Waikato people smack law down

Waikato people smack law down

By BRUCE HOLLOWAY – Waikato Times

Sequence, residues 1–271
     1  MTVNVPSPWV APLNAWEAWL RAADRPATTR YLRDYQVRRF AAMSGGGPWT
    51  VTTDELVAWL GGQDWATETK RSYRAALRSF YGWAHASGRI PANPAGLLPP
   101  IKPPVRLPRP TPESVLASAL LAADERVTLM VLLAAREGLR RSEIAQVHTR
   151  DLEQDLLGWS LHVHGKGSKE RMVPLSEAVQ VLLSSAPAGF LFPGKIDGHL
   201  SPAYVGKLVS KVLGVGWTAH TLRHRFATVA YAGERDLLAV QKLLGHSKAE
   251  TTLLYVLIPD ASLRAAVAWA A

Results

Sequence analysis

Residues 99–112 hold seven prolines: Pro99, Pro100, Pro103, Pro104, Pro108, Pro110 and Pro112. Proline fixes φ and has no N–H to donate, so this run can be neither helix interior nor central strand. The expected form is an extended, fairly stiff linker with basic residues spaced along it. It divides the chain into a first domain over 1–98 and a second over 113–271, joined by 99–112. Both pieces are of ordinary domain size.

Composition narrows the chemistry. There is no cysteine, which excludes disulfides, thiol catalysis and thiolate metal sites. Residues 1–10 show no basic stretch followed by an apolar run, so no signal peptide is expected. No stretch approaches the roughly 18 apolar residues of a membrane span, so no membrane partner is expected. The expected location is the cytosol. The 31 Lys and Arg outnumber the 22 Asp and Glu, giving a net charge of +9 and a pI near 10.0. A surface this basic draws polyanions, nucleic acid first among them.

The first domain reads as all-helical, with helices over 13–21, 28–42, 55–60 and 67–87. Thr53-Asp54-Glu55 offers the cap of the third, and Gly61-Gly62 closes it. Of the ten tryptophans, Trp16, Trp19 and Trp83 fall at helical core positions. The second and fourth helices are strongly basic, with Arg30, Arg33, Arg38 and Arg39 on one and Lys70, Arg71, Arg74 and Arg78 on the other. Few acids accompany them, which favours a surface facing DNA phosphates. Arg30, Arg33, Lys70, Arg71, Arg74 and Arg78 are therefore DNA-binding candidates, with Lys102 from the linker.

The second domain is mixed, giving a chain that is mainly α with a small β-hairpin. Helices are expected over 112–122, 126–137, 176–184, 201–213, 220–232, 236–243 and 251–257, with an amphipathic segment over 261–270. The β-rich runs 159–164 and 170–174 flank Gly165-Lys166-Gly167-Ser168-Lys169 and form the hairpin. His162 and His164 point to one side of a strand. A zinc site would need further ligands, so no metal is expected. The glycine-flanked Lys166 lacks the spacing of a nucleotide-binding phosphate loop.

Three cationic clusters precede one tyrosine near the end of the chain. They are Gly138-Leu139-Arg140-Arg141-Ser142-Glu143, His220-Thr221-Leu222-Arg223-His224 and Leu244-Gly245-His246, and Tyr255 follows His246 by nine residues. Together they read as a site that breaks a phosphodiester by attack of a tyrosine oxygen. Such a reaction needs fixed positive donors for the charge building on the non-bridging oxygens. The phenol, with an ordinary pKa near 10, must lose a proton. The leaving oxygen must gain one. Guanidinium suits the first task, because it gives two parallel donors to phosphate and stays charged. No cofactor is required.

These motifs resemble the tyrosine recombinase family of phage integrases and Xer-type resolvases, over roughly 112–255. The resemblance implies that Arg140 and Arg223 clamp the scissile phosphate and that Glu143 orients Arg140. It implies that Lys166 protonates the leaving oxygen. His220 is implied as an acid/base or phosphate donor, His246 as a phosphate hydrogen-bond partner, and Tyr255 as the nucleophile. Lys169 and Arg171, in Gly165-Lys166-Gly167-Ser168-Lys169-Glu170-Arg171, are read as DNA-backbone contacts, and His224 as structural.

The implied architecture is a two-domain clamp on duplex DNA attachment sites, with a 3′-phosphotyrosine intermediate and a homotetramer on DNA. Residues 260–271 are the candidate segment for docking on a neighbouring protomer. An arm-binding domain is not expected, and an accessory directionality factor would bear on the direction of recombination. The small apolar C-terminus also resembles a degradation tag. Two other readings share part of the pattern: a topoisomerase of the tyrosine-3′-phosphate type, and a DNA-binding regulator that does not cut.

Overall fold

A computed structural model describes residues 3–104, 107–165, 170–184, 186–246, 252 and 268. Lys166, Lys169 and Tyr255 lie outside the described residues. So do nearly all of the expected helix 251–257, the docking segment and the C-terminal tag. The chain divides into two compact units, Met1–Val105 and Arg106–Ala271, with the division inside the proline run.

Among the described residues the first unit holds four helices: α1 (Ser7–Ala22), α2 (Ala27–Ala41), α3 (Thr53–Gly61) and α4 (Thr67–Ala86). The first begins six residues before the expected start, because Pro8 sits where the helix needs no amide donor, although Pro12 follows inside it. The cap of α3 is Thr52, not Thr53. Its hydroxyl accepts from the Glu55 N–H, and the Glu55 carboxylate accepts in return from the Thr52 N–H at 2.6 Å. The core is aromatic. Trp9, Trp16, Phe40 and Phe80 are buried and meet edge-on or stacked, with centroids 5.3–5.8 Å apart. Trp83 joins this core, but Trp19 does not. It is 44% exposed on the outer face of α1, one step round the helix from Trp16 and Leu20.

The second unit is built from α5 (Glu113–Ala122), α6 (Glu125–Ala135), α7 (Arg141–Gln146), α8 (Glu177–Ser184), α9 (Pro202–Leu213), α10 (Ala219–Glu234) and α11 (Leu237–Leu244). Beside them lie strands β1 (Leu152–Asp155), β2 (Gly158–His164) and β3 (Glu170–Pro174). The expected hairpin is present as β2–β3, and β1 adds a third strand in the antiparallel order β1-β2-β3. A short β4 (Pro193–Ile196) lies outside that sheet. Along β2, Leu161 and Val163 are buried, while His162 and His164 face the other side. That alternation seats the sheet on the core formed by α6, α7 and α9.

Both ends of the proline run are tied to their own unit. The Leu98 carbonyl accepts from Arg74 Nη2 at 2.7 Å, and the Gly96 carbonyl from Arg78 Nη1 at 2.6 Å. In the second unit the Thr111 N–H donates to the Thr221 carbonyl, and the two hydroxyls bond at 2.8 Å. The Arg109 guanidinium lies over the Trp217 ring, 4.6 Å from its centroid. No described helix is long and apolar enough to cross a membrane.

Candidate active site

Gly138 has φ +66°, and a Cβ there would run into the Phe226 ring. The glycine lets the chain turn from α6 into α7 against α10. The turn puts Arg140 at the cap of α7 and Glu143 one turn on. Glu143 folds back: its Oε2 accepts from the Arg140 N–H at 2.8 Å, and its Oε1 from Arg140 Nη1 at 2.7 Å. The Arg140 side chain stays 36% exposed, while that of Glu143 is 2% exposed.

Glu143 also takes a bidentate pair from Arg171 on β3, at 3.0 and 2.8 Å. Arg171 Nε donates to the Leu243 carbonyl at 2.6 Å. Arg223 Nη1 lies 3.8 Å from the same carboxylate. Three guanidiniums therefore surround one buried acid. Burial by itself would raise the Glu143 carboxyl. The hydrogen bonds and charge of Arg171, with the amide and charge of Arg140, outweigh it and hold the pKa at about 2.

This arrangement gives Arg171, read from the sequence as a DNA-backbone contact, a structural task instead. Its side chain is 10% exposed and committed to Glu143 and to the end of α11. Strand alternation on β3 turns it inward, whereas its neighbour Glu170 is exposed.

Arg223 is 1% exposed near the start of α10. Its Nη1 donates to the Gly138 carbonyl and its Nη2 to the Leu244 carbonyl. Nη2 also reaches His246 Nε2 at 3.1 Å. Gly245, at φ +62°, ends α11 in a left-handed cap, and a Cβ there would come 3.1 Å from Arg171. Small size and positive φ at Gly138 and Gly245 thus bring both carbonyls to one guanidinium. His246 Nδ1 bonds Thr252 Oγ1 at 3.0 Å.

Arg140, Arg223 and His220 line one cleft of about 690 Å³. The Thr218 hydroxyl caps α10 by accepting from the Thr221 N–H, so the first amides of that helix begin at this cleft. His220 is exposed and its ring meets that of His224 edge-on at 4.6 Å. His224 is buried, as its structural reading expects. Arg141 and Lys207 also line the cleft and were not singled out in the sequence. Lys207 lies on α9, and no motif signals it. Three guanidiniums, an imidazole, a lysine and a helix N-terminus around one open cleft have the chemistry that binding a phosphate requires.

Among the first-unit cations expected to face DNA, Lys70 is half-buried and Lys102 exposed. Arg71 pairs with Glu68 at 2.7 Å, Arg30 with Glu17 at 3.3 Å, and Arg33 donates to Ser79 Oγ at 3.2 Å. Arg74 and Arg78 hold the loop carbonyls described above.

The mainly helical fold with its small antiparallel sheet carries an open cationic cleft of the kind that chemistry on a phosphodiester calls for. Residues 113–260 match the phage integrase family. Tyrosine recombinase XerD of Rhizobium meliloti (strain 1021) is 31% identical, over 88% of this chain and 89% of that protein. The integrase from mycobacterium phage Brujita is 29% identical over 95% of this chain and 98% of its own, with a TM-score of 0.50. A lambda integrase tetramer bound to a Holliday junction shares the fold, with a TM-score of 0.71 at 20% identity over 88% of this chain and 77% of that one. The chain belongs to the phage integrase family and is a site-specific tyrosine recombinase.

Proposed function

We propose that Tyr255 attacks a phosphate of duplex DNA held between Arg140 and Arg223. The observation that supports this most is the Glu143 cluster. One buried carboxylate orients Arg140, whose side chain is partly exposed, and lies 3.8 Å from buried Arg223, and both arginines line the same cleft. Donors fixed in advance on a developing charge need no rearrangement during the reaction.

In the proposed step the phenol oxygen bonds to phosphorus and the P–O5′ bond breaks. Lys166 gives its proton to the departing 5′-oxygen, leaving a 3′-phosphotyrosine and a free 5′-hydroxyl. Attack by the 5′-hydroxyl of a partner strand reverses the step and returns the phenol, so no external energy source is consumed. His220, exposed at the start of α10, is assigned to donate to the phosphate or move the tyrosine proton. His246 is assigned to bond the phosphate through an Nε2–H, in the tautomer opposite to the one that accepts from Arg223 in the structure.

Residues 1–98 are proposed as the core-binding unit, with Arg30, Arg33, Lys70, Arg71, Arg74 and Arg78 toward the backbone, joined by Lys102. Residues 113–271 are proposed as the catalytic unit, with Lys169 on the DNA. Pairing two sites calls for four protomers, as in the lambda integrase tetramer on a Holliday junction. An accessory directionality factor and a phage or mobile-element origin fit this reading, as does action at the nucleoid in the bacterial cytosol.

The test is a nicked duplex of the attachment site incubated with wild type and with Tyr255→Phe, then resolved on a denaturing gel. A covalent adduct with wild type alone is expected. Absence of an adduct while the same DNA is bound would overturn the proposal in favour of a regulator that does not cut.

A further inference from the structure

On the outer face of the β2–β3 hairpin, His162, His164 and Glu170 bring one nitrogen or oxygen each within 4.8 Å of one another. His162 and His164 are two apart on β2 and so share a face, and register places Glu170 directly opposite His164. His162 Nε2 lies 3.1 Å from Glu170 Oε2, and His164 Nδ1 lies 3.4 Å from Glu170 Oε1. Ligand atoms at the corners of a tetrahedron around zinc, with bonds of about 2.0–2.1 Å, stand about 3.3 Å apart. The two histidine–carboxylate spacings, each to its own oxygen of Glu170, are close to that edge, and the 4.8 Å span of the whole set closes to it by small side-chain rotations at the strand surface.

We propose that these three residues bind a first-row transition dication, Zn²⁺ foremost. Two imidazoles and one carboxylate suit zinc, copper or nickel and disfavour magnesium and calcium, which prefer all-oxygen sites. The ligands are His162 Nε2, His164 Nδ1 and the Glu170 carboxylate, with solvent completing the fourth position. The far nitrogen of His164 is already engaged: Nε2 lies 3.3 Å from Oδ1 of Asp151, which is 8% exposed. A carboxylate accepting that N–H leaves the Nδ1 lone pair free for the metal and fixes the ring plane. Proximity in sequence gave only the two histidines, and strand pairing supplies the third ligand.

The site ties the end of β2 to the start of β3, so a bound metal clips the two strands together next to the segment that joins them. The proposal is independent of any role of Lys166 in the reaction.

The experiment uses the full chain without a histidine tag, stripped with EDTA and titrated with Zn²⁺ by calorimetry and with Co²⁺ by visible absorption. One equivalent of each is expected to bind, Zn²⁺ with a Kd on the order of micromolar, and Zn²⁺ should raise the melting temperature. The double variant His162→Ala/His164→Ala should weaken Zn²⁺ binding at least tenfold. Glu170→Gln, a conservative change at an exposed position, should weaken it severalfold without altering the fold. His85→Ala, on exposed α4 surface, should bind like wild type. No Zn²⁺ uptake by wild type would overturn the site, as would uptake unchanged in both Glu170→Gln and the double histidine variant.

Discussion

Waikato residents have given overwhelming support to allowing parents to smack their children. Some 92 per cent of Waikato people who plan to vote in the current postal referendum voting papers went out yesterday are against smacking of children being a criminal offence, according to a telephone survey of 409 people in a Waikato Times-Versus telephone poll. The poll was run this week on Tuesday and Wednesday. The results are a continuation of the high popularity for sanctioning smacking that has registered in national and regional polls for the past four years. But the Government has already said it won't change the two-year-old law, which Prime Minister John Key thinks is working well. The Times poll showed 70 per cent of Waikato residents planned to vote in the referendum, with that rising as high at 78 per cent within Hamilton. Females (76 per cent) were also more likely to vote. Residents were asked: "Should a smack as part of good parental correction be a criminal offence in New Zealand?" Just 8 per cent said yes. The wording, while awkward, is exactly the same as for the postal referendum. That phrasing has been widely condemned for automatically assuming a smack is part of good parental correction, and requiring those supporting smacking to vote "no". But 60 per cent of Waikato survey respondents thought the question was clearly worded 35 per cent thought it wasn't. A citizen-initiated referendum is not binding. Whatever the result, Parliament is not required to implement the will of the people. The Waikato Times asked Hamilton West National MP Tim Macindoe an opponent of the so-called anti-smacking law what pressure he would bear on his government colleagues as a result of such overwhelming support. "The figures speak for themselves, and I maintain the view that the no vote ought to be respected," he said. "But beyond that, in caucus it is a collective decision, and there is no party line on this. We are not being whipped [controlled by party whips] on this issue." Ahead of speaking at the national Toughlove conference in Hamilton last night, Mr Macindoe said the poll gave a clear indication of public sentiment. "There is a strong body of opinion coming through and all politicians will look at it closely." Asked how he felt about his Government potentially ignoring the voice of the people, Mr Macindoe said the prime minister had always said if there was any evidence it wasn't working, the Government would move to change it. Mr Macindoe conceded there was little sign the legislation was not working. Legislation was amended two years ago to remove the defence of reasonable force for the use of disciplinary purposes on children. A review of police activity shows the amendment has had minimal impact, while agencies which deal with dysfunctional families say the law is useful. The poll has a margin of error of plus or minus 4.85 per cent.


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